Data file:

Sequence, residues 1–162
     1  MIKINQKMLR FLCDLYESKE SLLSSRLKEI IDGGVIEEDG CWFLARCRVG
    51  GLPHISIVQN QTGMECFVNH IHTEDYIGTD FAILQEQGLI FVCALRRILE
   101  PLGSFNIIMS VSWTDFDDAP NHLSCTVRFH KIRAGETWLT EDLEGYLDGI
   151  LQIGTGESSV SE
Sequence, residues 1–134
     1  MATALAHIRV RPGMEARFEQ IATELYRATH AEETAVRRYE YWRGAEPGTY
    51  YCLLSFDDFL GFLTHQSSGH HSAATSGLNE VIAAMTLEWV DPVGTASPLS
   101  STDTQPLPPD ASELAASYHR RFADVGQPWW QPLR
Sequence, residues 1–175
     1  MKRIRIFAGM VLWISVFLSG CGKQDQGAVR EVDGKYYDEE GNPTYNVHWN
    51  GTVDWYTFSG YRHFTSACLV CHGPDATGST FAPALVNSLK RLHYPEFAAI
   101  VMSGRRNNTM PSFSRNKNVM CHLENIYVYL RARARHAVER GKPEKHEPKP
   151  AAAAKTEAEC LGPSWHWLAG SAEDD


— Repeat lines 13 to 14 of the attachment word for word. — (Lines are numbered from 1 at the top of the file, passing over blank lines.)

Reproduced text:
   101  VMSGRRNNTM PSFSRNKNVM CHLENIYVYL RARARHAVER GKPEKHEPKP
   151  AAAAKTEAEC LGPSWHWLAG SAEDD